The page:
The early Romans called the first month of the year - Martius or what we call March.  It remained the first month of the Roman Calendar until around 153 BC. March I began the numbered year in Russia until the end of the 15th century and believe it or not Great Britain and its colonies continued to use March 25th as the beginning of the year until 1752 when the Gregorian calendar was adopted. Still today many cultures and religions celebrate the start of the new year in March.  Well, I guess I was on the right path about the new year date.  Now don't get me started on moving the clocks ahead an hour in the spring or back in the fall. At least here in Arizona we don't do that.  I believe it was last year some congressman wanted to change our stand on time but he got a lot of heat so he quit before he really got started on that idea.

Like the bears and frogs I considering hibernating between December and March. Those long dark cold nights and short days, many of them grey and overcast are not on my "Things I Enjoy" list.  Getting up in the dark trying to convince my brain that is working hard to convince me to stay in bed is not my idea of a fair fight. I give into brain more than not and I live in Phoenix, Arizona. Think what I'd be like in a colder climate. That's how I got to Phoenix in the first place from the cold northeast. So how can I even think about a New Year beginning in the middle of my hibernation time? By the time my energy level is rarin' to go it's March.  I come to life about the time the trees in Phoenix are showing off their new leaves and the birds are back. I'm definitely a sun worshipper, not in getting a tan but getting my solar energy back!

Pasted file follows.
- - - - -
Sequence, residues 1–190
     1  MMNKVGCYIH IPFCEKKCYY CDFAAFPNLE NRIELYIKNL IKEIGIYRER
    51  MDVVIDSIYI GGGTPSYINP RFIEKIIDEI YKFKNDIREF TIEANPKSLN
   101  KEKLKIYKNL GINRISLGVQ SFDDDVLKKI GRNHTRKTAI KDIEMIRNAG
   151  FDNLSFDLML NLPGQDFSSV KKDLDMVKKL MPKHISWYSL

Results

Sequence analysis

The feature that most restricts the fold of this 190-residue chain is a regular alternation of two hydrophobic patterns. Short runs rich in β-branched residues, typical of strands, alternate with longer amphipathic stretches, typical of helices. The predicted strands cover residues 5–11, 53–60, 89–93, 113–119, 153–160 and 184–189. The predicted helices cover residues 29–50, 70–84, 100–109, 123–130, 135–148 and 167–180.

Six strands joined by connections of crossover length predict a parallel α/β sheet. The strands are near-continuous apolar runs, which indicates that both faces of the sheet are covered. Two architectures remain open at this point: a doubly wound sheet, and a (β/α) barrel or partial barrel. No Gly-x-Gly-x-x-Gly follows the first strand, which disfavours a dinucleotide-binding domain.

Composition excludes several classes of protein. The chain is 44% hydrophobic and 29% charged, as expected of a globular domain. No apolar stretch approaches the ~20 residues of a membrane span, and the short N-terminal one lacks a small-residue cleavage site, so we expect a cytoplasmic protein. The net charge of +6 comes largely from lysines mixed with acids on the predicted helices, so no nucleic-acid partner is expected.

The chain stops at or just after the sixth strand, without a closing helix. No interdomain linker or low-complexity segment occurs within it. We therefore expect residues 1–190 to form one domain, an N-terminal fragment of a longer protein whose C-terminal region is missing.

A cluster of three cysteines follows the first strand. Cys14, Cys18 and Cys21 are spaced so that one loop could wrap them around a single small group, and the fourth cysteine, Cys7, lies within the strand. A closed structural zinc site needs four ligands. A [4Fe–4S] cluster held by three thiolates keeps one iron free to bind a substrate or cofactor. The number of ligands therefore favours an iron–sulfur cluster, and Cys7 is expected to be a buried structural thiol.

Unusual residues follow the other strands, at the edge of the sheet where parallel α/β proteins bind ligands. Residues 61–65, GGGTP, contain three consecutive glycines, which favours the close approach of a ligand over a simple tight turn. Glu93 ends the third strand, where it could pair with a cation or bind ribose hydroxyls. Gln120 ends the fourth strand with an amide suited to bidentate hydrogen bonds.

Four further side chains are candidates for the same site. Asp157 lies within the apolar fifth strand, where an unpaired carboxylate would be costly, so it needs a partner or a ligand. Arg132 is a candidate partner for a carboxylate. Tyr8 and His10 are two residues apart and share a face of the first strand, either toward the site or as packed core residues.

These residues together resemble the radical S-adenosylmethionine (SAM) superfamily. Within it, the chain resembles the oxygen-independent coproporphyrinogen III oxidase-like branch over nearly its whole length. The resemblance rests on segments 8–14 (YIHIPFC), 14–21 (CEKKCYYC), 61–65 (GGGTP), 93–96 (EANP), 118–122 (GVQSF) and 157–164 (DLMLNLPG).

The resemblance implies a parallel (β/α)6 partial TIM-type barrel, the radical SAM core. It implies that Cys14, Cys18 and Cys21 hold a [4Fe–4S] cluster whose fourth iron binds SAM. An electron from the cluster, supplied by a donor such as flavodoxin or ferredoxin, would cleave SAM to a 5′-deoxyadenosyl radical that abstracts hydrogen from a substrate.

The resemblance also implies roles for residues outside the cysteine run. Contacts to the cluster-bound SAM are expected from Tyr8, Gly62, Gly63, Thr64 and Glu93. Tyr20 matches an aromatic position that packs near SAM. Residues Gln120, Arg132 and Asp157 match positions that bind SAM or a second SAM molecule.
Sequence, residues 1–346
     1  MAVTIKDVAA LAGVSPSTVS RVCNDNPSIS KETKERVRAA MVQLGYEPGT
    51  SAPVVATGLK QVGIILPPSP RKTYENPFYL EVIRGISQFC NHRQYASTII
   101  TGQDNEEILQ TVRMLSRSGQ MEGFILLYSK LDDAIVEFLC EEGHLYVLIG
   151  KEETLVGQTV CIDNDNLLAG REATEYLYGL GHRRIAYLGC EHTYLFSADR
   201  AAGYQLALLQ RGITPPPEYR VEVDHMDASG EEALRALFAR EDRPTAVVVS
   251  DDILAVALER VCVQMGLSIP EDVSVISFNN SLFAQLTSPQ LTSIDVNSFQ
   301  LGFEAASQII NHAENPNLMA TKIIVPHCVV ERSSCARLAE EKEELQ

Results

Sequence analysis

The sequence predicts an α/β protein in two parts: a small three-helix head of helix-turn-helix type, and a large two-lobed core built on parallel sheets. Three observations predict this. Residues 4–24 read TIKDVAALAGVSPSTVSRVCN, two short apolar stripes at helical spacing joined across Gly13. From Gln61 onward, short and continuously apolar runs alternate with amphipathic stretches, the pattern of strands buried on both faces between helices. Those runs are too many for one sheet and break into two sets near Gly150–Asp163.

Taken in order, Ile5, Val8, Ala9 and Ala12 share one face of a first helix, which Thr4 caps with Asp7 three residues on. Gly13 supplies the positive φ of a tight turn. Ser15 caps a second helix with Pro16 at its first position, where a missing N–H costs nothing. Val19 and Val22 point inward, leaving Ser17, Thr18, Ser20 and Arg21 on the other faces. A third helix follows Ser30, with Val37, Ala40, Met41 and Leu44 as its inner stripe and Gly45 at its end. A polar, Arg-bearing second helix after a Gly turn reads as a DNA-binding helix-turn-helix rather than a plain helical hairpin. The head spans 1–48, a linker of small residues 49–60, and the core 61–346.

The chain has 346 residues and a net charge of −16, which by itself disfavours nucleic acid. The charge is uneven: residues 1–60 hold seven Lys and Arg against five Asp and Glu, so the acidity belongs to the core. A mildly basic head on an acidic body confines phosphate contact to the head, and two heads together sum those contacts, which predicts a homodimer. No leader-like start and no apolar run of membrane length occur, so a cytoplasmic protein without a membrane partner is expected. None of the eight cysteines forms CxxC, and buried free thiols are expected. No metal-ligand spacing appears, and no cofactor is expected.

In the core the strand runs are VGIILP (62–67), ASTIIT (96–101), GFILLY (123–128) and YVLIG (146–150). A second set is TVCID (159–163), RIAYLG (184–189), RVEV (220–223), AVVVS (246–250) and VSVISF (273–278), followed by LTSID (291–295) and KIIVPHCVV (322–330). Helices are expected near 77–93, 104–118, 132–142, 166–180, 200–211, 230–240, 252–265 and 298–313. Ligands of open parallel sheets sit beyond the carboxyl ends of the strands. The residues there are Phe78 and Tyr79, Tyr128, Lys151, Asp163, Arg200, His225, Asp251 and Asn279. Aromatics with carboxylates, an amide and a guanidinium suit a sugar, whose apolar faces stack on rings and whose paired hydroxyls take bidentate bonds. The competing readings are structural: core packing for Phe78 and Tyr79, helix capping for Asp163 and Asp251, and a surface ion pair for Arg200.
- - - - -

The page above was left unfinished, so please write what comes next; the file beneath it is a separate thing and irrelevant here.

So now you know why I think our New Year's celebration should come on the eve of spring instead on a cold, blustery December 31st. The date for the new year is an arbitrary one. The universe doesn't care what date we humans decide. The Chinese have their own new year as did the ancient Egyptians, so why can't we?  The start of spring for many ancient cultures was the time for celebrating the new year. Why can't we? Well, I won't count my chickens just yet, I doubt I could ever convince the powers to be change the date.  (code: daff16)